As Governments face the formidable challenge of protecting people from COVID-19, UN High Commissioner for Human Rights Michelle Bachelet has called on them to ensure human rights are not violated under the guise of exceptional or emergency measures.
“Emergency powers should not be a weapon governments can wield to quash dissent, control the population, and even perpetuate their time in power,” Bachelet warned. “They should be used to cope effectively with the pandemic – nothing more, nothing less.”
States are able to restrict some rights to protect public health under human rights law, and also have certain additional powers if a state of emergency threatening the life of the nation is publicly declared. In either case, the restrictions need to be necessary, proportionate, and non-discriminatory. They also need to be limited in duration and key safeguards against excesses must be put in place.
Certain rights, including the right to life, the prohibition against torture and other ill-treatment, and the right not to be arbitrarily detained continue to apply in all circumstances.
To help States in their response to COVID-19, the UN Human Rights Office on Monday issued new policy guidance on emergency and exceptional measures.
“There have been numerous reports from different regions that police and other security forces have been using excessive, and at times lethal, force to make people abide by lockdowns and curfews. Such violations have often been committed against people belonging to the poorest and most vulnerable segments of the population,” the High Commissioner said.
“Shooting, detaining, or abusing someone for breaking a curfew because they are desperately searching for food is clearly an unacceptable and unlawful response. So is making it difficult or dangerous for a woman to get to hospital to give birth. In some cases, people are dying because of the inappropriate application of measures that have been supposedly put in place to save them,” Bachelet said.
“In some countries, thousands have also been detained for curfew violations, a practice that is both unnecessary and unsafe. Jails and prisons are high risk environments, and states should focus on releasing whoever can be safely released, not detaining more people.”
The guidance document stresses that, as in normal times, law enforcement officials should adhere to the principles of legality, necessity, proportionality and precaution.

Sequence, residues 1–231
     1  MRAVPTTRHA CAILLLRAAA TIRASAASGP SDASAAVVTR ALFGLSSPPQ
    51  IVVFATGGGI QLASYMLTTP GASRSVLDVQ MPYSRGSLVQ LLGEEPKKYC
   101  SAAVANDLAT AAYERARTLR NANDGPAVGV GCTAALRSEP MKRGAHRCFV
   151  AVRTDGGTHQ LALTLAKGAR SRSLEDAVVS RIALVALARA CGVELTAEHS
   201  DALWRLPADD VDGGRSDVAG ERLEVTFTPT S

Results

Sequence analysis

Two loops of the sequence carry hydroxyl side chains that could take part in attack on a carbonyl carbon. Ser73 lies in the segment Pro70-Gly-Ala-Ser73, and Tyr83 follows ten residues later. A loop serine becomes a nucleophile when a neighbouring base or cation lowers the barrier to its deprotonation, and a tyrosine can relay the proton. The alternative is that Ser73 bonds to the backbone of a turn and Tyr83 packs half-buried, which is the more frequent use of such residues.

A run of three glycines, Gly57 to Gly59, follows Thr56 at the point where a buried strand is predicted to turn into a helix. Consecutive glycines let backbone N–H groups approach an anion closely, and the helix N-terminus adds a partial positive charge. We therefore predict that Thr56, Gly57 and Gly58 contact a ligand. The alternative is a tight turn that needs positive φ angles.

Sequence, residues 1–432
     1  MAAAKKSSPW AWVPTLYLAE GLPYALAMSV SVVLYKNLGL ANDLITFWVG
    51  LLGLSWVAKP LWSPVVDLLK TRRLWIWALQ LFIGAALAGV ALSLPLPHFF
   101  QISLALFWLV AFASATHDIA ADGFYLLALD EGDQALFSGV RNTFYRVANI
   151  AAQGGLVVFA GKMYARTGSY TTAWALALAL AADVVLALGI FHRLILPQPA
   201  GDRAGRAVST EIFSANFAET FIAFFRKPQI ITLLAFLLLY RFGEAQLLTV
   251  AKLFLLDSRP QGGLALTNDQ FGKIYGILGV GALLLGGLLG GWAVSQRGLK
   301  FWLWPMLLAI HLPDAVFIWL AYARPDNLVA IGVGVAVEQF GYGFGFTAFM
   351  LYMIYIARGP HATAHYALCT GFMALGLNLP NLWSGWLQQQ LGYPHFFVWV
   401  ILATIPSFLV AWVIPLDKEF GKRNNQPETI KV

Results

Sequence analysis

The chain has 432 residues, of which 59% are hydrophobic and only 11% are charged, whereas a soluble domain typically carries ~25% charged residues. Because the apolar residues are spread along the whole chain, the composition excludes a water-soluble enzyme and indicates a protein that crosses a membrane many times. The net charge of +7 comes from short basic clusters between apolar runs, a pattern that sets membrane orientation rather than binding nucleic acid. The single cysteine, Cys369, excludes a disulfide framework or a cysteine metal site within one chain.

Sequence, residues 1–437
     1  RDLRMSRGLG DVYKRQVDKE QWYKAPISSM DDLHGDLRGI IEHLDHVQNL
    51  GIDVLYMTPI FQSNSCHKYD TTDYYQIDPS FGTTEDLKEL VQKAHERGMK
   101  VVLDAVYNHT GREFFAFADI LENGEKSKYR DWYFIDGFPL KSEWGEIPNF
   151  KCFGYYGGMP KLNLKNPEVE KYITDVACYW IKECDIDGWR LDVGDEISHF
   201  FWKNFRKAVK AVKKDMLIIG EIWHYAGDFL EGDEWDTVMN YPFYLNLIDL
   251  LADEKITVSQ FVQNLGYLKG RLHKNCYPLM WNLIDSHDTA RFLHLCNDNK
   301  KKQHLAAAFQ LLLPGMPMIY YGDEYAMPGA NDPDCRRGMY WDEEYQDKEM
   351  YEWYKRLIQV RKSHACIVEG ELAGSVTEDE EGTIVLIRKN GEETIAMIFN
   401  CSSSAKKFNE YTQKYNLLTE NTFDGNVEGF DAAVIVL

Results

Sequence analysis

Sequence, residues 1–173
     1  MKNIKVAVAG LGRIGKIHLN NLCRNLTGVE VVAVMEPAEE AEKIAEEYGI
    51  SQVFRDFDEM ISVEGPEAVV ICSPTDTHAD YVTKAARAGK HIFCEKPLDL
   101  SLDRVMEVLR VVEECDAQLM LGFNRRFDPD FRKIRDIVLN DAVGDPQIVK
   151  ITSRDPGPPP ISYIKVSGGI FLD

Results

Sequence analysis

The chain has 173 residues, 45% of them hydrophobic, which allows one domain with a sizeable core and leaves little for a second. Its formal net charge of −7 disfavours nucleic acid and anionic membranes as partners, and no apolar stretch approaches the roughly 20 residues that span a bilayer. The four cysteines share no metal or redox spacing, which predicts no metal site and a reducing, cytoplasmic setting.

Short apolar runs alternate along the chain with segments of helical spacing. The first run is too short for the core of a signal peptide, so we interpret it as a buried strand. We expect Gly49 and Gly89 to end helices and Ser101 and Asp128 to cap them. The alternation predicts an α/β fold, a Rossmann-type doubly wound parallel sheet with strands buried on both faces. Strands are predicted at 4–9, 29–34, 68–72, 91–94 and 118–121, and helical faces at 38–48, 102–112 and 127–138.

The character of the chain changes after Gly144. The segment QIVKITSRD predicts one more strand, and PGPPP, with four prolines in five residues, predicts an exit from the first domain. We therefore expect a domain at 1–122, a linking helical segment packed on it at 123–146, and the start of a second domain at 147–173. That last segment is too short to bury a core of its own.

“They should only use force when strictly necessary, and lethal force can only be used when there is an imminent risk to life,” Bachelet said.
Measures and laws introduced in some countries contain references to vaguely defined offences, coupled at times with harsh sentences, fuelling concerns they may be utilized to muzzle the media and detain critics and opponents. Although measures to restrict movement and assembly are legitimate in such circumstances, public confidence and scrutiny are essential for them to be effective.
“It is important to counter misinformation, but shutting down the free exchange of ideas and information not only violates rights, it undermines trust. False information about COVID-19 poses a huge risk to people. But so do bad policy decisions,” the High Commissioner said. “Undermining rights such as freedom of expression may do incalculable damage to the effort to contain COVID-19 and its pernicious socio-economic side-effects.”
The guidance sets out clearly that the measures should not only be necessary to achieve a legitimate public health objective, but that they should also be the “least intrusive” approach required to achieve that result.
“We have seen many States adopt justifiable, reasonable and time-limited measures. But there have also been deeply worrying cases where Governments appear to be using COVID-19 as a cover for human rights violations, further restricting fundamental freedoms and civic space, and undermining the rule of law,” Bachelet said.
Bachelet said that exceptional measures or a state of emergency should be subject to proper parliamentary, judicial and public oversight.
“Different countries are at different stages of the pandemic. Some are starting to come out of emergency measures, while others are extending or reinforcing them. The abiding principle must be that these measures are enforced humanely. Penalties for violating them should be proportionate, and not imposed in an arbitrary or discriminate way,” she added.
“Given the exceptional nature of the crisis, it is clear States need additional powers to cope. However, if the rule of law is not upheld, then the public health emergency risks becoming a human rights disaster, with negative effects that will long outlast the pandemic itself,” Bachelet said.